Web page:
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Spiritual Tourism

The Buddhist Channel, Dec 22, 2006

New York, USA -- Spiritual tourism is now one of the fastest growing segments in the travel industry worldwide, reports Perry Garfinkel, author of "Buddha or Bust" (Harmony Books), in a New York Times article he wrote that will appear Dec. 24.

Garfinkel is a veteran journalist and spirituality expert who has appeared on many TV and radio shows.

The Times Sunday Business Section story cites several reasons for the trend:

  • More interest in "vacations with meaning" that lift travelers to a higher sense of purpose;
  • A rising middle class of expatriate and domestic Asians and Middle Easterners whose religions encourage travel to places their traditions hold holy;
  • The surging religious revival movement;
  • A parallel but opposite increasing sentiment that traditional religious institutions are not the only place to find spiritual sustenance – or not the place at all;


Among other facts, he reports on:

  • A Travel Industry Association survey released in November that found 25 percent of respondents were interested in taking a spiritual vacation, and that 12 percent said they were more interested now than they were five years ago;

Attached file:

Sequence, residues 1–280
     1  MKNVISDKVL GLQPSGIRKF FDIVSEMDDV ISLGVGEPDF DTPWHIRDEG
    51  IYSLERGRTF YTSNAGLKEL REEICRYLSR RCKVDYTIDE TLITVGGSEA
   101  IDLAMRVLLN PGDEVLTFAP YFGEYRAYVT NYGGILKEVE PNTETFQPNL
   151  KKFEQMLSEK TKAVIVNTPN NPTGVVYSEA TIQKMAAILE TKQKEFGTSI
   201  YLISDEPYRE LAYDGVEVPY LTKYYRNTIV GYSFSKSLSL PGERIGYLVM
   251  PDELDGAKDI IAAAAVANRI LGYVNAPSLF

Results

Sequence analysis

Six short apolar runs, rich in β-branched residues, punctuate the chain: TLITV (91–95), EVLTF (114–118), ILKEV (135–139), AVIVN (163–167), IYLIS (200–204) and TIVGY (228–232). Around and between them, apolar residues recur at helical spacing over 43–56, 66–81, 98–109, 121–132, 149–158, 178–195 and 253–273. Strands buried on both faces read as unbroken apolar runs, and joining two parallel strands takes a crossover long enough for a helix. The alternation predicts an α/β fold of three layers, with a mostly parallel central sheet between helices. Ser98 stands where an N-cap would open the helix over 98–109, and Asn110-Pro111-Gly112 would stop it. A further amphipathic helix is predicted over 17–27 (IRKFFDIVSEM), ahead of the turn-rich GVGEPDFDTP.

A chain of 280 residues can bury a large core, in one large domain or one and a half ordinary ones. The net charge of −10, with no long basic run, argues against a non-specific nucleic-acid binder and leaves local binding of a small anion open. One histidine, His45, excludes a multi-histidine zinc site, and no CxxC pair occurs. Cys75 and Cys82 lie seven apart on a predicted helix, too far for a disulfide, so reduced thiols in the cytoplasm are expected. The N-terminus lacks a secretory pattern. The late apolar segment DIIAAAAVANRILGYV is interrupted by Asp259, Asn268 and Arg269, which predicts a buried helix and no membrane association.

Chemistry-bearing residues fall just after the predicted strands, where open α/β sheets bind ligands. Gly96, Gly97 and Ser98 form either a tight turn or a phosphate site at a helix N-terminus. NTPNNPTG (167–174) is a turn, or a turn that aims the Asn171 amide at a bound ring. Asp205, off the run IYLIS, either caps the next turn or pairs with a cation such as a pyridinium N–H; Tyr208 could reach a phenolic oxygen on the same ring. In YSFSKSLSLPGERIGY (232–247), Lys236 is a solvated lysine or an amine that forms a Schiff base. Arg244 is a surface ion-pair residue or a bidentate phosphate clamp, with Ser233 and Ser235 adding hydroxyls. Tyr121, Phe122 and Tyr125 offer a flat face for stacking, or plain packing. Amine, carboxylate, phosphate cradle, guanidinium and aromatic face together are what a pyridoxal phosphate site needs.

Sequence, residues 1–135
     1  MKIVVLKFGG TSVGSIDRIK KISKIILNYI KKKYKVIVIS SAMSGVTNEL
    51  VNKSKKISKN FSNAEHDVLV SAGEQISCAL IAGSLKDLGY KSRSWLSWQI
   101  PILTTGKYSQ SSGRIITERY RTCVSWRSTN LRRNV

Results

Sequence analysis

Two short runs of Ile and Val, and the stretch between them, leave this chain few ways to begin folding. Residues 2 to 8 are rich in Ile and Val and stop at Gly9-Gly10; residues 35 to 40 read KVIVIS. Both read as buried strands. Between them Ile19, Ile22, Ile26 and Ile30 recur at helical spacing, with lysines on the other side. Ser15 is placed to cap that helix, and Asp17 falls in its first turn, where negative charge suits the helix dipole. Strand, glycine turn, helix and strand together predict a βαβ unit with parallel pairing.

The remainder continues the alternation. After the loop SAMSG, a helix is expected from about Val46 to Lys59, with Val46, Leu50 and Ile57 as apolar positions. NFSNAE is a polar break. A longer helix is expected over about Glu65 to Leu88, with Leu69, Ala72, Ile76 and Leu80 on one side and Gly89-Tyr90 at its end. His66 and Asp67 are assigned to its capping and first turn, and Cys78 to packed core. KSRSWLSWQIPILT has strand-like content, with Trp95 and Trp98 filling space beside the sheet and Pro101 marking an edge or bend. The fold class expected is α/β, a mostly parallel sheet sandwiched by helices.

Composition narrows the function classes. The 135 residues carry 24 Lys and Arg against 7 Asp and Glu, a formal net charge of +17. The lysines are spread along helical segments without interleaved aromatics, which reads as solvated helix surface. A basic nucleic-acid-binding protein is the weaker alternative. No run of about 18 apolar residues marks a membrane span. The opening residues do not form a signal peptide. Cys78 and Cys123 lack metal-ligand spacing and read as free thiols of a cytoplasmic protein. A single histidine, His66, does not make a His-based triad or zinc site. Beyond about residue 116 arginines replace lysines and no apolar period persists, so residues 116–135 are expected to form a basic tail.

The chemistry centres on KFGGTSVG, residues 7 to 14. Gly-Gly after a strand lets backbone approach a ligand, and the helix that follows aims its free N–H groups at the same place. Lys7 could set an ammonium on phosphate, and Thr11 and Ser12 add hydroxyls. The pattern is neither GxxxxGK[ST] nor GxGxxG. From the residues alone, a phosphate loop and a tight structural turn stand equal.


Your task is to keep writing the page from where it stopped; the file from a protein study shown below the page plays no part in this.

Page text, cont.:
• Vatican data showing from 220 million and 250 million people visit religious sites each year;
  • Up to 40 percent of people going to spas now look for some type of spiritual experience;
  • Antenna Audio, an audio tours company, estimates rentals have increased 34 percent in the last three years at top spiritual destinations;
  • Tourkey, a Houston-based tour company focused on "biblical travel," has seen religious-oriented bookings increase 200 percent since 1995 to Turkey, which now promotes itself as "the other Holy Land."

Garfinkel, who has covered travel industry trends as a contributor to The Times and other national publications for more than 25 years, wrote "Buddha or Bust: In Search of Truth, Meaning, Happiness and the Man Who Found Them All," after his own round-the-world spiritual pilgrimage while on assignment for National Geographic Magazine. The article ("Buddha Rising," December 2005) and his book (June 2006) explore the growing popularity of Buddhism. In the process, Garfinkel grapples with his faith in faith-based traditions.

In "Buddha or Bust," which appeared on several best-seller lists this past summer, Garfinkel traces the footsteps of the Buddha and also views all spiritual journeys as a metaphor for self discovery.
 
Of the book, the Boston Globe wrote: "As John McPhee and Paul Theroux offer lush descriptions of physical landscapes in their works, Garfinkel surveys the internal world with equal scrutiny." Said Pulitzer Prize-winning journalist Tony Horwitz: "Garfinkel brings a reporter's sharp eye to an elusive subject." See: http://www.buddhaorbust.com.



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